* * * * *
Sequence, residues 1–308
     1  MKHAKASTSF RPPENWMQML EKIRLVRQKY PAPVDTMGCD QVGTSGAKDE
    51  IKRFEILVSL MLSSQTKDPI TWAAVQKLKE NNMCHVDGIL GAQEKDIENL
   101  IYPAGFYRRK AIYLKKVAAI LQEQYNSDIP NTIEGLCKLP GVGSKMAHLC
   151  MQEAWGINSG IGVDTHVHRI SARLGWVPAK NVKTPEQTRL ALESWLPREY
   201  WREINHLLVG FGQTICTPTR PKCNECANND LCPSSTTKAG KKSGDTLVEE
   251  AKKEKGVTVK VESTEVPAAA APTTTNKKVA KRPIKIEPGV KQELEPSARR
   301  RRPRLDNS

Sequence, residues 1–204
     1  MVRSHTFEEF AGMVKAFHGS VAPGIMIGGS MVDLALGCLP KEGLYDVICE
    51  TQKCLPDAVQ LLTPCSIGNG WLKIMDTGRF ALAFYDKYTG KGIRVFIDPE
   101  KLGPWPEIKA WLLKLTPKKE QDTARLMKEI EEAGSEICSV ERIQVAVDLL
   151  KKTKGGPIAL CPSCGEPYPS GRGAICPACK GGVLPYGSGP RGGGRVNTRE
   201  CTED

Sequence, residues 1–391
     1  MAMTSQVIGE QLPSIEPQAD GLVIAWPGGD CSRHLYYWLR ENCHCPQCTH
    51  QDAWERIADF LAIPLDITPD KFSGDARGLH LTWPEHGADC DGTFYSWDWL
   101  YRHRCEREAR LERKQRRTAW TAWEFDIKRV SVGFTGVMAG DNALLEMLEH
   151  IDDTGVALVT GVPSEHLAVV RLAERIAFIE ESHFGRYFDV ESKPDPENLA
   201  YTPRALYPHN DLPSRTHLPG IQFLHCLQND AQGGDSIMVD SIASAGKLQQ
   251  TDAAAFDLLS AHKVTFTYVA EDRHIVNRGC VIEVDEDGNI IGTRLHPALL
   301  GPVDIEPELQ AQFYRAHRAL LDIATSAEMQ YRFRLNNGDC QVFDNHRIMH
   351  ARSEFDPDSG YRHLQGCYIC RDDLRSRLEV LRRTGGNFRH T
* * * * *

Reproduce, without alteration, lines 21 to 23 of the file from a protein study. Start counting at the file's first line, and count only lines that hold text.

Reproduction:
   251  TDAAAFDLLS AHKVTFTYVA EDRHIVNRGC VIEVDEDGNI IGTRLHPALL
   301  GPVDIEPELQ AQFYRAHRAL LDIATSAEMQ YRFRLNNGDC QVFDNHRIMH
   351  ARSEFDPDSG YRHLQGCYIC RDDLRSRLEV LRRTGGNFRH T